WVIR, CJ PASCHALL
Two U.S. lawmakers from Virginia are teaming up to boost job training across the country. They say increasing access to career and technical education will help workers, businesses, and the economy as a whole.
Senator Tim Kaine and Representative Abigail Spanberger announced their support for the bill. They say even in a reeling economy, the demand for skilled workers is high and this bill would help fill that gap.
Senator Kaine says that this fight is a personal one for him. “I grew up as some of you know working in my dad’s iron working shop,” he said. “Later in life I served as the principal of the school that taught kids to be welders and carpenters in Honduras, and again saw the power of high quality career and technical education to transform lives.”
Jobs is the operative word, there. It’s both a literal jobs bill, and an acronym: Jumpstart Our Businesses by Supporting Students. Kaine says the bill will even the playing field between university educations and vocational training programs.
“It expands Pell Grant eligibility to also allow those grants to be used at high quality, career technical programs,” he explained.
Current rules require programs to be 13 or 14 weeks in length to qualify for coverage by Pell Grants. This would reduce the requirement to 8 weeks. The Virginia Community College System says there are roughly 50 programs already that would benefit from the bill.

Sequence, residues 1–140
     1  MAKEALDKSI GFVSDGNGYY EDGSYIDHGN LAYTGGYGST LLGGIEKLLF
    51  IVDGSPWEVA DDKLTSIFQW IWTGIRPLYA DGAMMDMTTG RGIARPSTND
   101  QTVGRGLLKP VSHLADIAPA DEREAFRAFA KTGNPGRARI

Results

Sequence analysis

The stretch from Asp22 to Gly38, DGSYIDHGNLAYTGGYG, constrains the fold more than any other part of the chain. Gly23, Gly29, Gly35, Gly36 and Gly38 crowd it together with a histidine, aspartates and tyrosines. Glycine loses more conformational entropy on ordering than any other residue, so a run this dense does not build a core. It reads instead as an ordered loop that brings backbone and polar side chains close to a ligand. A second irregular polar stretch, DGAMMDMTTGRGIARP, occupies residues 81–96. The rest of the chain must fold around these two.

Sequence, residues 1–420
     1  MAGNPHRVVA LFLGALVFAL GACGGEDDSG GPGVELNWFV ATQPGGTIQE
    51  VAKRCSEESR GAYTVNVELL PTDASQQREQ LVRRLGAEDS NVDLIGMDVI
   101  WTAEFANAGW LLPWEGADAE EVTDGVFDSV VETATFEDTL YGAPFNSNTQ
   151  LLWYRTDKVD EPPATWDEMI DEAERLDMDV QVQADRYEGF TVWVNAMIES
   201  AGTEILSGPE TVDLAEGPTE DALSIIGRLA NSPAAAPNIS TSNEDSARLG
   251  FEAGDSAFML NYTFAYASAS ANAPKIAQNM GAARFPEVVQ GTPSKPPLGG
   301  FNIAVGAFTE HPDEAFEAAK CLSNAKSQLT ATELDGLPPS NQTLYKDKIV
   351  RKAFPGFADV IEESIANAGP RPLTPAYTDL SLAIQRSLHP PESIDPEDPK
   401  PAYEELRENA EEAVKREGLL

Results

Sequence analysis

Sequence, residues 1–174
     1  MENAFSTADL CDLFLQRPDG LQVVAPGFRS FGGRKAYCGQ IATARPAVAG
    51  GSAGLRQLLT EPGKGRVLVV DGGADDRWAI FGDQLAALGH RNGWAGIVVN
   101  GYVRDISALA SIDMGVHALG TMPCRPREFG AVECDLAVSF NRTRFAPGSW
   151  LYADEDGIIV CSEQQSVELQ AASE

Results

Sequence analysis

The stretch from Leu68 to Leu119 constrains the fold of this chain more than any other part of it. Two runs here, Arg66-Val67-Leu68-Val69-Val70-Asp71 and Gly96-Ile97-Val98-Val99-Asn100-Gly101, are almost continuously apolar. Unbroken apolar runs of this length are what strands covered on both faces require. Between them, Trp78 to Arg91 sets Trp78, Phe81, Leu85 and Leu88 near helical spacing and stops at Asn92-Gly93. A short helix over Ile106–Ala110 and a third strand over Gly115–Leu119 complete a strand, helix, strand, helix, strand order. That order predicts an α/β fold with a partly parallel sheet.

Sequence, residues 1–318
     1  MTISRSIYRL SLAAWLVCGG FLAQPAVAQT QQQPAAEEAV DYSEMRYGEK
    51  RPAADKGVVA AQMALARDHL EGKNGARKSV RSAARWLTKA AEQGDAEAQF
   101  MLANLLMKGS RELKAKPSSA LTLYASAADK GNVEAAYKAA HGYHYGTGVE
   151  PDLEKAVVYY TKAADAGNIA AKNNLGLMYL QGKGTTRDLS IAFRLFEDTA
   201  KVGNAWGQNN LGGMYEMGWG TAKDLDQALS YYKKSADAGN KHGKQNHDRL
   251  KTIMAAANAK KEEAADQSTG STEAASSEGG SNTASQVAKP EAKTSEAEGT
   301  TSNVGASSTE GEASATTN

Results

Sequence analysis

“We help them afford the training that they need to meet their longer term career goals and find success in a changing economy and contribute continue contributing to our larger economy,” Spanberger said.
Both Kaine and Spanberger say the bill would supplement the work going on at the local level through schools like CATEC.
“Sometimes there are cost barriers in students way as they want to get training to be a welder or an emergency medical technician,” Kaine explained.
“The notion that students who would otherwise be eligible for Pell Grants wouldn’t be able to use that funding, that support to, to get the certification necessary to have a career as a CDL driver, you know, is a clear, no pun intended roadblock,” Spanberger said.
The bill has support in both the House and Senate. It also has broad bipartisan support in both areas: it is co-sponsored by 33 senators from both sides of the aisle, and six representatives.